High Temperature Superconductors

Emily Dark
3 min readSep 25, 2020


You’re walking through a bustling city; the pandemic is over after using ultra-high-speed supercomputers to simulate vaccination effects; suddenly something whooshes over the bridge above you, a maglev train, travelling at 375mph; you arrive at work, a Mega Structure, step on the elevator and within seconds you’re at your 163 floor office.

This futuristic scene may be possible soon by finding materials able to exhibit superconducting properties, and in the case of maglev trains, these are already “flying” along in China!

Superconductors are materials which carry an electrical current with little to no resistance and exhibit the Meissner effect, where the superconductors expel their magnetic field from inside the material, creating a strong magnetic field outside. Superconductors have a critical temperature at which they transition from their usual state to a superconducting state. Another exciting property is a persistent current; using a ring of superconducting material and Lenz’s Law we can create a current which could run perpetually without the need for an external energy source!

They are used in MRI and NMR (Nuclear Magnetic Resonance) machines; the LHC (Large Hadron Collider), to accelerate charged particles to very large speeds; removal of land mines by detecting very weak magnetic fields and many other applications. Now, “electric grids, such as high-power lines, lose over 5% of their energy in the process of transmission”, which is a huge amount that could be reduced to 0 by using superconductors.

However, the main obstacle was that superconductors were only able to function at temperatures close to absolute 0, 0K, -273.15°C, which needed to be cooled with liquid Hydrogen. The race was on to find a material that could superconduct at temperatures above 63K so it could be cooled by liquid Nitrogen, a much more common resource.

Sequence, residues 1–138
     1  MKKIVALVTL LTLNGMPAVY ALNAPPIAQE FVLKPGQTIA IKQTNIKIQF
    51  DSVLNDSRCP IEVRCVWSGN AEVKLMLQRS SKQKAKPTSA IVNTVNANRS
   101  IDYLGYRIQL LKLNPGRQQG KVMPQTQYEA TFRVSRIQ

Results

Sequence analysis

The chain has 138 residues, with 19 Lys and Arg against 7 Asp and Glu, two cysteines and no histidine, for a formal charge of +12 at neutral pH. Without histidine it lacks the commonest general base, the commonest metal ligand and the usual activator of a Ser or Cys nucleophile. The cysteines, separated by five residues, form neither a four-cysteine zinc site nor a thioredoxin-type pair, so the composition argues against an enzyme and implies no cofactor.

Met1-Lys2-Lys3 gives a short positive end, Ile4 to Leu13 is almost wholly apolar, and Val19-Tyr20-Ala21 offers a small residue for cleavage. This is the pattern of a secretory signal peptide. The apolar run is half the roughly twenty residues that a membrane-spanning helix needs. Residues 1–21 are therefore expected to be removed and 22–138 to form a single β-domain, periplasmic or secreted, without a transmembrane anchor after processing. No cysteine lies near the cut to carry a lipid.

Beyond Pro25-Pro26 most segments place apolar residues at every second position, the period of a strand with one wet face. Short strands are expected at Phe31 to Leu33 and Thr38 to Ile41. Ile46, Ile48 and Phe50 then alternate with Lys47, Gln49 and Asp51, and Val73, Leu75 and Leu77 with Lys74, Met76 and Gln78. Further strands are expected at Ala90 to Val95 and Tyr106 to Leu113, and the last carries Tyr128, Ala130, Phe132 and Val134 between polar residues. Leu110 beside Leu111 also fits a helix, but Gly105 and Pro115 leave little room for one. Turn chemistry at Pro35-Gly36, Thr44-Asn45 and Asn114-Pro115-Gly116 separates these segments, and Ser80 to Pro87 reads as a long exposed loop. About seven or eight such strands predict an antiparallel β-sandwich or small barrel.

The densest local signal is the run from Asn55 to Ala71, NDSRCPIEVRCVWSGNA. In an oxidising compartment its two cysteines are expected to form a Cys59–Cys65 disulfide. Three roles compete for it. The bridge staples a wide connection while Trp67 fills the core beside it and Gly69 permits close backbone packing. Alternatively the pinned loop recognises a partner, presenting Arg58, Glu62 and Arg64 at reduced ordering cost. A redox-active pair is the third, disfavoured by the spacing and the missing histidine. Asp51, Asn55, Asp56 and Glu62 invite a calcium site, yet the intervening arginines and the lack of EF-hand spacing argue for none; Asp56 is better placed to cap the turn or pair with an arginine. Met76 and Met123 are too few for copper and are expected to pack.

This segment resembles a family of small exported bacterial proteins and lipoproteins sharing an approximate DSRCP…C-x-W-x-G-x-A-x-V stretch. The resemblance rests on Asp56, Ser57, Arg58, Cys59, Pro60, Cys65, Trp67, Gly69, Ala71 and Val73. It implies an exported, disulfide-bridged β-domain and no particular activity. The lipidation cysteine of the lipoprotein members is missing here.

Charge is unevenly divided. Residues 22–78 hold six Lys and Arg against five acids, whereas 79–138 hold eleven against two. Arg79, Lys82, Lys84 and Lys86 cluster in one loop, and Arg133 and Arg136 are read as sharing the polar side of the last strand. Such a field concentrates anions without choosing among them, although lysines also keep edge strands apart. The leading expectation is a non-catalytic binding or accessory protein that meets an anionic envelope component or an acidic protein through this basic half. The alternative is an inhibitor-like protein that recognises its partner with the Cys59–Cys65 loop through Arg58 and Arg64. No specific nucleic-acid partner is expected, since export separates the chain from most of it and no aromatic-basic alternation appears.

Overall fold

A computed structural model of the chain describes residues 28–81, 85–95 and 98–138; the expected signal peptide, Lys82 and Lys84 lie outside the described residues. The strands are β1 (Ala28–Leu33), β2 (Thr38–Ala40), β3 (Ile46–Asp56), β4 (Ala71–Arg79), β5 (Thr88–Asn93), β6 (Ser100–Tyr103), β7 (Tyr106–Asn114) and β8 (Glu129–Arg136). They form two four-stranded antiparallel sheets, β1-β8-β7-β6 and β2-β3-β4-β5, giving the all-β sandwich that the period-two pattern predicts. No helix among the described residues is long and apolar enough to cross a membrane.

In 1986 Bednorz and Miller made a breakthrough which put a new burst of energy into the race, they used an oxide material which was an insultor and never considered to be able to display superconducting properties! It was this out-of-the-box thinking and inspiration that led them to win the Nobel Prize in Physics in 19871. The compound was able to super conduct at 30K which got a team at the University of Alabama thinking. They switched Lanthanum to Yttrium making it possible for the compound to superconduct at temperatures just above 92K, therefore it could easily be cooled by liquid nitrogen!

Since then we have found more and more materials that superconduct but have not hit room temperature just yet. In late 2019, Lanthanum Decahydride LaH10 was recorded to superconduct at 260K but needs to be extremely highly pressurised. The closer we get to a room temperature superconductor at ambient pressure, the closer we get to saving billions on the loss of energy in the transfer of electrcity.











Emily Dark

Uni physics student trying to improve her writing. International Hockey Player - Scotland, GB Dev Squad. RAF Reservist in the making.